I have to agree with Ana that things may have been a tad too convenient on the island in terms of cast and capabilities. Not only is Kaelyn’s father a skilled microbiologist (on a small remote island in Canada), but there’s also a girl who has an exceptional green thumb, and a boy that has taught himself how to fight (and has his own share of annoying hero-syndrome). In regards to diversity, I agree with Ana that it is awesome that this is such a diverse core cast of characters with Kaelyn being half black, half caucasian, brother Drew as the recently and the unseen Leo a Korean boy adopted by Canadian parents in what is ostensibly a very white and closed environment on the island.
As to the fact that this is the first book in a trilogy, I’m actually a little torn – while I do think it would be great to get a new perspective and to see what has happened to the outside world beyond the island’s quarantine (one of the characters went to New York, so I’m hoping the outbreak has spread…), I think this is a perfectly self contained book and would be fine to read and leave on its own.
Final Thoughts, Observations & Rating:
Ana: The Way We Fall is that sort of novel that becomes better with time: the more I think about it, the more I appreciate its nuances. Although I do agree with Thea that there is a certain lack of oomphness, I have to admit that it really didn’t detract from my reading experience. I ended up really loving this book.
Thea: I agree with Ana that this is a book that only gets better upon reflection, despite the lack of the oomph factor. It’s a memorable, resonant book, and one I wholeheartedly recommend.
It’s about six hours since you left the island. The way things have been, I know you wouldn’t have expected me to come to see you off, but I keep thinking about how you waved and waved from the dock five years ago, when I was leaving for Toronto.
While the ferry was carrying you to the mainland, I was on West Beach with Mackenzie and Rachel. Mackenzie had decided we should have one last summer swim before school starts tomorrow, but the breeze was so chilly, none of us ended up wanting to go in the water. So we just walked on the sand, talking and speculating about how junior year will go.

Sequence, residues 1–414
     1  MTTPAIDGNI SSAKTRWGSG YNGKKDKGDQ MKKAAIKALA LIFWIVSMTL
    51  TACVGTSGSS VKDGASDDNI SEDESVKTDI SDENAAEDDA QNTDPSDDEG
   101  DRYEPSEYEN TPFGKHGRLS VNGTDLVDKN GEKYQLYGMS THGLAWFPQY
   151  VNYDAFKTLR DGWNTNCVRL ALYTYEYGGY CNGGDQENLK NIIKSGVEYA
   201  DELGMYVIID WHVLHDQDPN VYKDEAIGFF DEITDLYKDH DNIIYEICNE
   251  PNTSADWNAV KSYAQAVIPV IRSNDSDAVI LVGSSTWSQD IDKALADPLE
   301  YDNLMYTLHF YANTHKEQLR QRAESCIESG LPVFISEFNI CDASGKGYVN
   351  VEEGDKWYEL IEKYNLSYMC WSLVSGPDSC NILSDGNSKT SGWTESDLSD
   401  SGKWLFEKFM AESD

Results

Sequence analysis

The summer vacationers have all left, so no one was on the beach except for us and a few families having a barbecue by the rocks. I could see the white shape of the ferry getting smaller as it crossed the strait, and the knot in my stomach got tighter and tighter.
Mackenzie started gushing about her “awesome” summer in L.A. and the hot nightspots she’d gotten into, and Rachel and I mostly just nodded in the right places, like usual. Not that I mind. At one point Mackenzie turned to me and said, “Because the big city clubs are the best, aren’t they, Kaelyn?” and all I could say was “Um, I guess,” because I never actually went clubbing in Toronto.
If she knew I spent most of my time there at the zoo or the vet clinic near our house, not shopping and partying, I’m pretty sure she wouldn’t have glommed on to me the second I moved back last spring. But I haven’t gone out of my way to correct her. It’s nice having people to hang out with like this, even if it’s sort of under false pretenses. I was so focused on getting by on my own in the city, I didn’t realize how much I missed being with friends.
And it was only today I realized how much I’ve missed you.
Read more from the excerpt HERE.
Thea: 7 – Very Good
Ana: 7 – Very Good